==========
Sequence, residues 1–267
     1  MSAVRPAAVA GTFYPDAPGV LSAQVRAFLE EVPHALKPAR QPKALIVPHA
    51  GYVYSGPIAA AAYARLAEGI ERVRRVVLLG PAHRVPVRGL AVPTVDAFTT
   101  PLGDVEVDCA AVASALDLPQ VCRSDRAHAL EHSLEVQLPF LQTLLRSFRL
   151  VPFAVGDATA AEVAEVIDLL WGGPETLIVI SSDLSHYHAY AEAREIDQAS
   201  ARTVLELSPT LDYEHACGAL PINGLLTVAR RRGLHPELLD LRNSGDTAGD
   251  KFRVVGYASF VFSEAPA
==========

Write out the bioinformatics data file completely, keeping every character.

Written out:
Sequence, residues 1–267
     1  MSAVRPAAVA GTFYPDAPGV LSAQVRAFLE EVPHALKPAR QPKALIVPHA
    51  GYVYSGPIAA AAYARLAEGI ERVRRVVLLG PAHRVPVRGL AVPTVDAFTT
   101  PLGDVEVDCA AVASALDLPQ VCRSDRAHAL EHSLEVQLPF LQTLLRSFRL
   151  VPFAVGDATA AEVAEVIDLL WGGPETLIVI SSDLSHYHAY AEAREIDQAS
   201  ARTVLELSPT LDYEHACGAL PINGLLTVAR RRGLHPELLD LRNSGDTAGD
   251  KFRVVGYASF VFSEAPA